Rhubarb Myths

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Robert Pavlis

Rhubarb is a great vegetable that is one of the easiest things to grow. I deadhead the flower stem, mulch with wood chips and that is the only care the plant has gotten in 10 years. It produces every year. But gardeners need to make things more complicated and numerous rhubarb myths have developed.

Forced rhubarb is especially sweet - is this a rhubarb myth?
Forced rhubarb is especially sweet – is this a rhubarb myth?

Rhubarb Myth – Oxalic Acid is Deadly

It is well known that you should not eat rhubarb leaves because of the high levels of oxalic acid. Really? Did you know carrots and radishes contain just as much oxalic acid, and spinach has twice as much? I discussed this rhubarb myth in Will Oxalic Acid in Rhubarb Leaves Harm You.

Rhubarb – Fruit or Vegetable?

Botanically rhubarb is a vegetable but in the US it’s classified as a fruit.

Don’t Eat Frozen Rhubarb

When the rhubarb plant in the garden gets a touch of frost it goes limp. Some people believe that the frost causes the plant to move oxalic acid from the leaves to the stalks, which now contain toxic levels of oxalic acid.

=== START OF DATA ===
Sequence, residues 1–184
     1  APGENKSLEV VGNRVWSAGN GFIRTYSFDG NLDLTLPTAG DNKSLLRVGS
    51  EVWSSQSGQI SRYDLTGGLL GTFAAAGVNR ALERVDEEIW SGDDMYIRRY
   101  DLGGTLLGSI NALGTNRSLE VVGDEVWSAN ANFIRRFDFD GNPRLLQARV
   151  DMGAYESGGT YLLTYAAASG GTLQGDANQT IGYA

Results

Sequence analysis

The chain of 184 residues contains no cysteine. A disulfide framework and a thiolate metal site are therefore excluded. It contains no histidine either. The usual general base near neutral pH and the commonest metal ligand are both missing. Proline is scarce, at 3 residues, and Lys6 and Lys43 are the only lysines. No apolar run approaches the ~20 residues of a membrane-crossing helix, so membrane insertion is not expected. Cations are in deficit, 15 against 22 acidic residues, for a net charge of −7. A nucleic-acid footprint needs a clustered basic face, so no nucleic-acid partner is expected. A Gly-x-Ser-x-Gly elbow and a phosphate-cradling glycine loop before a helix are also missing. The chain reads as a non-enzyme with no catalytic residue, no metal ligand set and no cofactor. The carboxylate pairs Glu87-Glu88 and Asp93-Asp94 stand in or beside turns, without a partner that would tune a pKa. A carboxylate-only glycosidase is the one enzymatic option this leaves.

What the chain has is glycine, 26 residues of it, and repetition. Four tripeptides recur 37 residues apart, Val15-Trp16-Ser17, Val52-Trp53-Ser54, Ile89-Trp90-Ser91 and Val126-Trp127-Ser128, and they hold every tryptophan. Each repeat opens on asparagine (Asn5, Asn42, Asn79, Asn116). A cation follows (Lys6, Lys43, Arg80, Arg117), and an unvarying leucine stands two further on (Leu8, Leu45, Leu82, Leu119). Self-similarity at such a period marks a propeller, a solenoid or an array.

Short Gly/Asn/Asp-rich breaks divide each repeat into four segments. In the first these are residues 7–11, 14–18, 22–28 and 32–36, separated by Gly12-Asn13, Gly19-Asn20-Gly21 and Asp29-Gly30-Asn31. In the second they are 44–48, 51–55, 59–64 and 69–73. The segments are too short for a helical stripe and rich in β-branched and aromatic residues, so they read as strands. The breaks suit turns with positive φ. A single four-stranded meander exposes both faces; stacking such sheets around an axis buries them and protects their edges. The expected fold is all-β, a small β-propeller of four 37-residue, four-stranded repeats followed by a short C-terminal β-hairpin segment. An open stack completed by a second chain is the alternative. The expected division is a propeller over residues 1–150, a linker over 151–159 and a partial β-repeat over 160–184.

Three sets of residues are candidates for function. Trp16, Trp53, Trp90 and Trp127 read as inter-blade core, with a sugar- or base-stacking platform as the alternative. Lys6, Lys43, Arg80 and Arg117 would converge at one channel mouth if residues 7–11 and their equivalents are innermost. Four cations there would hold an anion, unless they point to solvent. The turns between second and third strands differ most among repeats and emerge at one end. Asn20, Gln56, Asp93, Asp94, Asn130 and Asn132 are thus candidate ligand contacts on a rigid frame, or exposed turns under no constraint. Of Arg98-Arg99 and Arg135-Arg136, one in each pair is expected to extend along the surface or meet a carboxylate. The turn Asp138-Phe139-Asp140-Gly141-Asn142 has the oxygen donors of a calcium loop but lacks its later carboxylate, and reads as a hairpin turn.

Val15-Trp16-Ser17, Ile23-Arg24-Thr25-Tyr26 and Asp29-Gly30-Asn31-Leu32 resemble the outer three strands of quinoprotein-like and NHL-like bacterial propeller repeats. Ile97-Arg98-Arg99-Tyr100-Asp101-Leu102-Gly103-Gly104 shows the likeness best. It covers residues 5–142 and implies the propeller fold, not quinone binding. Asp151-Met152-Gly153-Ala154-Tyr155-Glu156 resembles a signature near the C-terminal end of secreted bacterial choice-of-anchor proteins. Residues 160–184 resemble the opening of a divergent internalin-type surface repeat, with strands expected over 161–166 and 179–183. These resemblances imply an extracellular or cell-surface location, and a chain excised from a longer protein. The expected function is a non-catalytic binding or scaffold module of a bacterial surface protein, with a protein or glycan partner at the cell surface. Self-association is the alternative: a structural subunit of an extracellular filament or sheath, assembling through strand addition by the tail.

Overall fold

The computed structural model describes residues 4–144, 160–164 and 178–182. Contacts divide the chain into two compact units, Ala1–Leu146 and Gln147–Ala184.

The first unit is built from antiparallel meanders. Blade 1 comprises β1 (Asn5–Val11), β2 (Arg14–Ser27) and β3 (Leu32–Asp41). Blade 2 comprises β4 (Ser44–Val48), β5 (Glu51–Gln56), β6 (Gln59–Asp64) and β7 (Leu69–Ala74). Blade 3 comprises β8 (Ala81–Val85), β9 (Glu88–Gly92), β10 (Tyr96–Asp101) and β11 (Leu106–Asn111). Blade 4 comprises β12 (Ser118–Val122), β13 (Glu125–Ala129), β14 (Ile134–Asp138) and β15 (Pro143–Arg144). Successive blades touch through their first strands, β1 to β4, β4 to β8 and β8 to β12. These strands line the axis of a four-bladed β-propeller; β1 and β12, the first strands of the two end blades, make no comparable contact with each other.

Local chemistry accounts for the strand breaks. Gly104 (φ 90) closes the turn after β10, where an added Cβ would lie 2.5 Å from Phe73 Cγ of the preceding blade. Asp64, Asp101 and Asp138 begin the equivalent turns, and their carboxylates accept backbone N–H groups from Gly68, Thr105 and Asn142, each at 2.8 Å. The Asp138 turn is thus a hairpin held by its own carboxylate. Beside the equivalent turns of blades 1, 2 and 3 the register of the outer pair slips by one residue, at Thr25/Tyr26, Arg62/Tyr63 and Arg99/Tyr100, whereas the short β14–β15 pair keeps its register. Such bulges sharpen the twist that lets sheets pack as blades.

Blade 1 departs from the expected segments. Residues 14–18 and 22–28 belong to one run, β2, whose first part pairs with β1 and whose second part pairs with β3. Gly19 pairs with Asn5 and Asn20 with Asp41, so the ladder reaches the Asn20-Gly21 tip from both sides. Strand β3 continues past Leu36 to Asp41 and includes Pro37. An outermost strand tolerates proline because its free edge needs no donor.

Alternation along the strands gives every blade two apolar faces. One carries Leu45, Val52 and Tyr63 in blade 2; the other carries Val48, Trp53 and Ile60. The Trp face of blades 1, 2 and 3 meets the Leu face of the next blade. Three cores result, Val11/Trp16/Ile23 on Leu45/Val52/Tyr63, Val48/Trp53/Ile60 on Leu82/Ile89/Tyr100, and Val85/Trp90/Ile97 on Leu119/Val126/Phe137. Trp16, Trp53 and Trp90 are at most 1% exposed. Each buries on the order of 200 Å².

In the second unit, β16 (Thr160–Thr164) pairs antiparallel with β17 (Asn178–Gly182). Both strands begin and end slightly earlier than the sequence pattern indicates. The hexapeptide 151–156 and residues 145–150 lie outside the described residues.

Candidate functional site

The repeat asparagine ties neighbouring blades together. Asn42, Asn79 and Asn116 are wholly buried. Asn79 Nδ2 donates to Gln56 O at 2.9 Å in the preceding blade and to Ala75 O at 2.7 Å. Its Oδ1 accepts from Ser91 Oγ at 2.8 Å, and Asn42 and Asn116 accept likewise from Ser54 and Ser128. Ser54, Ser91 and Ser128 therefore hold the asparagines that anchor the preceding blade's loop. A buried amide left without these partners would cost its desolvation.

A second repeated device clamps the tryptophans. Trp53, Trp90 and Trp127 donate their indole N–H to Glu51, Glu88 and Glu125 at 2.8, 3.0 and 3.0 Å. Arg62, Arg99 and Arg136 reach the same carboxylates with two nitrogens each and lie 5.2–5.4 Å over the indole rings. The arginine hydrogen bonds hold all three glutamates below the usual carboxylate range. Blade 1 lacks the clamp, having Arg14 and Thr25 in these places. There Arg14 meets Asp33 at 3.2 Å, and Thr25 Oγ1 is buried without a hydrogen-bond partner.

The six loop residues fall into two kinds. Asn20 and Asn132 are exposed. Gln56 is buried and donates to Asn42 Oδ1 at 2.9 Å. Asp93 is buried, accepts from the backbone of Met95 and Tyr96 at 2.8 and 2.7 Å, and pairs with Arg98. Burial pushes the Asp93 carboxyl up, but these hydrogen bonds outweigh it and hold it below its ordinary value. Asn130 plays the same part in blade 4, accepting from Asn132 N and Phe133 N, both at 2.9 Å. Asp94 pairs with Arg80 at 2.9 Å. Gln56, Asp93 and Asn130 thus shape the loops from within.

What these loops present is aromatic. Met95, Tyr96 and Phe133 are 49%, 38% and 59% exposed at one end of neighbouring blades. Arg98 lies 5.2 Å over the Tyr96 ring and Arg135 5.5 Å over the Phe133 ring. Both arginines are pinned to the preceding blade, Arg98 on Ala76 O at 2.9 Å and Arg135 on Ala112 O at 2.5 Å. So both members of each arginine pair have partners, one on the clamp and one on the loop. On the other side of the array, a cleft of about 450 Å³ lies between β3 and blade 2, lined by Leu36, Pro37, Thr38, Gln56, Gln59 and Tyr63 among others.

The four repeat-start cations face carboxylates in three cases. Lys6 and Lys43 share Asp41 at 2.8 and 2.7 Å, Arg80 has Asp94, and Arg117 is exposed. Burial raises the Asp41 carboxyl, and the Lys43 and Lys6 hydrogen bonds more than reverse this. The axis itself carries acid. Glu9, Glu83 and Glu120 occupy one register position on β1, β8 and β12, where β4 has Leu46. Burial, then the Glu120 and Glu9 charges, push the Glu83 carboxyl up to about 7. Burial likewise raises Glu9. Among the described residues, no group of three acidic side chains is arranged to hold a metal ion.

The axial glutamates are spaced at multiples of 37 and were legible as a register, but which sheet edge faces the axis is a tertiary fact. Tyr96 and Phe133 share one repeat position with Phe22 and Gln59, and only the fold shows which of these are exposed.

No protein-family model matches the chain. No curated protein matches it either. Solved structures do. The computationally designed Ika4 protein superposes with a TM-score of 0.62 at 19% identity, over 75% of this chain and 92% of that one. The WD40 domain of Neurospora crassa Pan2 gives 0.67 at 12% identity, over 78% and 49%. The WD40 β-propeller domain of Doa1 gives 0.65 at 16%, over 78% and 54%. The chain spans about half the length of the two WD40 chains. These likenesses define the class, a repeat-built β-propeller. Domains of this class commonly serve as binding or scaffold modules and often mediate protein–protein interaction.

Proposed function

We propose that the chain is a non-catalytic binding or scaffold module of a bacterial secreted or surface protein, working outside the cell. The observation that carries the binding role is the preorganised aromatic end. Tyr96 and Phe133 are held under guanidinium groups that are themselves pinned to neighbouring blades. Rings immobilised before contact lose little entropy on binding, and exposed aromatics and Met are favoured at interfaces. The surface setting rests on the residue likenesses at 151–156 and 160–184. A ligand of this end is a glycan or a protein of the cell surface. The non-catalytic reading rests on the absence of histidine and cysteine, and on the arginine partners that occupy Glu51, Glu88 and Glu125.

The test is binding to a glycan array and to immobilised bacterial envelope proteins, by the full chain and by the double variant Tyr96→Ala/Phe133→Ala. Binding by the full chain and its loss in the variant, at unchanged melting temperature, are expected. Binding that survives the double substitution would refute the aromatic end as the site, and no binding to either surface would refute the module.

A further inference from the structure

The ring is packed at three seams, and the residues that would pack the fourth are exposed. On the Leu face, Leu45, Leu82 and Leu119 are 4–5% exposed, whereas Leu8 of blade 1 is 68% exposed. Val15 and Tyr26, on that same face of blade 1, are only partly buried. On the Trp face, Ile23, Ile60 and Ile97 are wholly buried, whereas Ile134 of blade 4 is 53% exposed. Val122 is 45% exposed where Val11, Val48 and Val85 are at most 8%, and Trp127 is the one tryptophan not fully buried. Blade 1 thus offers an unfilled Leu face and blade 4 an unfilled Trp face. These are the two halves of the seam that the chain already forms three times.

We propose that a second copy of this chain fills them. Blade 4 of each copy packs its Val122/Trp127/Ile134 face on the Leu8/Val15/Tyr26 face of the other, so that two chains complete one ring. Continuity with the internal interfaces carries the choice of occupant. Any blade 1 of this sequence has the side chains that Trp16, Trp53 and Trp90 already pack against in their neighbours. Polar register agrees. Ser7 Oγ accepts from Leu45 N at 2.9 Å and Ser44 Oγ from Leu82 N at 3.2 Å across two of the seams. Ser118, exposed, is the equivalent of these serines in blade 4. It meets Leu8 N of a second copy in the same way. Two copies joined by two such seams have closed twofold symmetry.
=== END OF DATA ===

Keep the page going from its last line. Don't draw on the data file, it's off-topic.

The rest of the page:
I did not find any evidence that oxalic acid is moved from one part of the plant to another as a result of frost. And since the oxalic acid levels in the leaves are not toxic (see the above myth) this is really not a concern.

Microbe Science for Gardeners Book, by Robert Pavlis

Light touches of frost will not harm the plant and the stalks can be harvested. Heavy frost will turn the leaves and stalks into mush and you won’t want to eat them. These should be pulled and composted. New growth is fine to eat.

Rhubarb Stalks Become Toxic in Summer

Rhubarb stalks are best if harvested in spring and early summer, but they do not become toxic or poisonous in late summer. They can be eaten all summer long.

There are two good reasons not to eat them in summer.

  1. They tend to get woody in late summer and don’t taste as good.
  2. If you harvest too many stalks in spring, the plant needs some leaves to grow food for next years crop. Continual harvesting will eventually kill the plant.

Rhubarb Leaves Should Not Be Composted